"Stress fractures" are an injury to the bone caused by repetitive strain on the weight bearing bones. They are common in the tibia, tarsals, and metatarsals of the feet. They are one of the most common athletic injuries. They are not related to MS, but could be related to D3, calcium, and/or phosphorus metabolism issues.
I know that it sounds like a stupid and uneducated question, but the reason that I was wondering and that I asked is because this past late winter/early spring when I went into my flare, my left leg got REALLY weak. I couldn't stand on that leg or lift a 1 pound ankle weight.
When I came out of the flare, my gait returned to normal and my leg was stronger but still weak. I returned to a lot of my normal activity which included 2 dance classes which ended for the season in early June. I have had a lot of pain in my left leg especially in my outer shin and my upper ankle.
The pain seemed to get worse when it rained, during the heat wave that we had and when the humidity kicks up. I just assumed it was MS related. I did think it was odd that anti-inflammatories seem to bring no relief. It hurts more when I walk on it, less when I take weigh off on it, but throbs when I lay down at night. I was starting to wonder if it was perhaps actually a stress fracture and not MS related pain. I thought that maybe since my muscles were so weak in that leg that maybe it was too much extra stress on my bones.
I also have a high instep (high arches). I was reading that people with high arches are prone to stress fractures.
High arches increase the chances of a metatarsal stress fracture. So does extra weight and high impact exercise. Spasticiy can cause similar pain in the foot and lower leg.
My spasticity has been been almost completely gone for awhile now. I am fat and have high arches. I figured that me being fat was most of the problem. I returned to dancing and high-impact activity while fat immediately after coming out of a flare. I don't really have any foot pain. It's all in my shin and ankle.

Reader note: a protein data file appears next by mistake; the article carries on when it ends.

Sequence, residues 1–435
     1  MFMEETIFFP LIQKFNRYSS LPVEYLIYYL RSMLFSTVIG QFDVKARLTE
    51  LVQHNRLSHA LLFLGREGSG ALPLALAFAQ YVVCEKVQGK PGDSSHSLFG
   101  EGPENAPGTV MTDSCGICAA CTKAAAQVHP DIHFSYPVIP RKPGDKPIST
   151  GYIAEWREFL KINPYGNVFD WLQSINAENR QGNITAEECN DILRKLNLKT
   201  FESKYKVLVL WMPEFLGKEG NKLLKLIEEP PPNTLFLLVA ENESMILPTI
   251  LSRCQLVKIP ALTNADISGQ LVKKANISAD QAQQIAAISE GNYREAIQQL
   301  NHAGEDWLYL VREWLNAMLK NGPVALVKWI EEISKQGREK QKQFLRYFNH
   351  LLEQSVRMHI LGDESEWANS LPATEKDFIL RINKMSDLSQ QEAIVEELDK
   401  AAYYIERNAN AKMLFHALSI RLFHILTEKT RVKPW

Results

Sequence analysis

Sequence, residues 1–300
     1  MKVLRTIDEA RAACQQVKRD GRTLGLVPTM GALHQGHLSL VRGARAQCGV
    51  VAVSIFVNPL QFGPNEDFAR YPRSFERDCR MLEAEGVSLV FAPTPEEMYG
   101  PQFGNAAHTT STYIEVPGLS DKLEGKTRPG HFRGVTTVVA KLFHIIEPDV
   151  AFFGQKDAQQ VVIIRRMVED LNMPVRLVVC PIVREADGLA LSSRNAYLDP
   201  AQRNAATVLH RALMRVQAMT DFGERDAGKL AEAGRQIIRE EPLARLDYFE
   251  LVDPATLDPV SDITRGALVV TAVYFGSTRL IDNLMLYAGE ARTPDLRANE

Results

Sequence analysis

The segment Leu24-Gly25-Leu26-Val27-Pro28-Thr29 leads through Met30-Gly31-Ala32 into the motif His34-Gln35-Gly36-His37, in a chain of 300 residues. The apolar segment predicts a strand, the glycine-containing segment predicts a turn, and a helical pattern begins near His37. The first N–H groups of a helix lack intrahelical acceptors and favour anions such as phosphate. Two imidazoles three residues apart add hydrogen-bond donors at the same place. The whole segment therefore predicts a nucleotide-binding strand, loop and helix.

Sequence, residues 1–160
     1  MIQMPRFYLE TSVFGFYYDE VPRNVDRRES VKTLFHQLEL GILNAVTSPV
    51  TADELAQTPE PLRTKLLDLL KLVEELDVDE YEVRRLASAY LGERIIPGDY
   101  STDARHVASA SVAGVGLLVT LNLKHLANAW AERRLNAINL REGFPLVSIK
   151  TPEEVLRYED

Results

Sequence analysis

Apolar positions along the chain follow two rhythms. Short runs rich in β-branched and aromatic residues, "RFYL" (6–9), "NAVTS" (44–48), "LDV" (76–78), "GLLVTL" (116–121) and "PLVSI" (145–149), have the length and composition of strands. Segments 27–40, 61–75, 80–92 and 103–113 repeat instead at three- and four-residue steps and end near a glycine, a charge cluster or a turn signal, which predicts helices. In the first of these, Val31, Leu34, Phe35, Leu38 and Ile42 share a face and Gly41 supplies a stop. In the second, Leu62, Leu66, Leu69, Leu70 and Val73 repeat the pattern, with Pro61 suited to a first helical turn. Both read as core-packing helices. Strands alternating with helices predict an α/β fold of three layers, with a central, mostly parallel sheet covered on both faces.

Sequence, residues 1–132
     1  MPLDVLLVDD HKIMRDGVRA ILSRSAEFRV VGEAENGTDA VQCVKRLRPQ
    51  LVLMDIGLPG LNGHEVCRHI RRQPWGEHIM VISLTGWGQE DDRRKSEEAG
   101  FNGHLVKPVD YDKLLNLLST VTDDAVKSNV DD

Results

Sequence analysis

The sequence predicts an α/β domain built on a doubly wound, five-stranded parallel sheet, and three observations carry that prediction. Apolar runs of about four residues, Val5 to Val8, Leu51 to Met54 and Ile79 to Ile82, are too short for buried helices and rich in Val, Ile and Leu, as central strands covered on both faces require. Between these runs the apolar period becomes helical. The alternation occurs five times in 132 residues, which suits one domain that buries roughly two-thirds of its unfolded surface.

Could osteoporosis caused by excessive use of IVSM increase risk for fractures? I'm betting Bob will know.
I know that osteoporosis can lead to high risk of stress fractures, but I had a bone scan done (as part of a study I was in unrelated to MS) and I'm surprisingly good in that area. :)
As I said, D3, calcium and phosphorus metabolism can contribute, so IVSM can increase the risk. So it is not really the MS, but it may be a side effect of the IVSM mixed with weight and dancing.
I only had IVSM once. That was a 5 day treatment about 6 months ago. I guess it's just the dancing with high arches while fat. :)
Hi my lovely-sounding friend...
I read somewhere that when people have gait problems, they automatically adjust their walking style so that more weight is borne on the good leg, and when the gait is back to normal, sometimes you consciously adjust your walking style so that you put more weight on the 'bad' leg and hey presto - a fracture, an anticipated fall, or sudden pain that causes you to jump.
I've been using a wheelchair since yesterday as during these last few days I've not been able to bend my left leg from the knee (I was using a cane), so around the knee area I get a sharp pain if I put any weight on my left leg. If I try to bend my knee, it almost gives way.
Also I believe that SM causes bone density issues.
I hope I make some sense :)
Ojibajo, I am new to the forum, recently diagnosed with MS 1 year ago, so I am definately not an expert, still learning. But your question really caught my attention, because I am dealing with the same topic right now, stress fractures, but mine is in the spine. I had a bone density scan done 2 years ago, and it came back with slight osteopenia, not unusual for a woman my age, 2 years post menapausal. After a stress fracture occured 6 weeks ago, another bone density scan was done, and in 2 years it shows just my spine has progressed to osteoporosis. I have searched the internet a lot lately about osteoporosis, and from what I have read, osteoporosis is more common in pt's with MS. But that may be from immobility. I am still pretty mobile. I am going to another specialist for osteoporosis on Wednesday to get her opinion. I will let you know what I find out. Good Luck!!!